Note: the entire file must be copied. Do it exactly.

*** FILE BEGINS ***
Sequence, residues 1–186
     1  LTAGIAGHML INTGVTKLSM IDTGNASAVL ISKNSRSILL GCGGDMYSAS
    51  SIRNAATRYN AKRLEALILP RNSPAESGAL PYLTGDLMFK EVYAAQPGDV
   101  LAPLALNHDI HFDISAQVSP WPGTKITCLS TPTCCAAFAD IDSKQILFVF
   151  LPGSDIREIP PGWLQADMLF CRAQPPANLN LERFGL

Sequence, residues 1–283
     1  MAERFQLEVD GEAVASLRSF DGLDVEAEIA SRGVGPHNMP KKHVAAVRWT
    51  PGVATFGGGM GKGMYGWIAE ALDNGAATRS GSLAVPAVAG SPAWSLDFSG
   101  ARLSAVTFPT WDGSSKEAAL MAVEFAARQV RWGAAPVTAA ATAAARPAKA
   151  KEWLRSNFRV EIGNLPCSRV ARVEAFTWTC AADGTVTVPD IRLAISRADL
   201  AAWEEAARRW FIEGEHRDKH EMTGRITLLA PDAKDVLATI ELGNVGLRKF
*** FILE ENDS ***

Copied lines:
Sequence, residues 1–186
     1  LTAGIAGHML INTGVTKLSM IDTGNASAVL ISKNSRSILL GCGGDMYSAS
    51  SIRNAATRYN AKRLEALILP RNSPAESGAL PYLTGDLMFK EVYAAQPGDV
   101  LAPLALNHDI HFDISAQVSP WPGTKITCLS TPTCCAAFAD IDSKQILFVF
   151  LPGSDIREIP PGWLQADMLF CRAQPPANLN LERFGL

Sequence, residues 1–283
     1  MAERFQLEVD GEAVASLRSF DGLDVEAEIA SRGVGPHNMP KKHVAAVRWT
    51  PGVATFGGGM GKGMYGWIAE ALDNGAATRS GSLAVPAVAG SPAWSLDFSG
   101  ARLSAVTFPT WDGSSKEAAL MAVEFAARQV RWGAAPVTAA ATAAARPAKA
   151  KEWLRSNFRV EIGNLPCSRV ARVEAFTWTC AADGTVTVPD IRLAISRADL
   201  AAWEEAARRW FIEGEHRDKH EMTGRITLLA PDAKDVLATI ELGNVGLRKF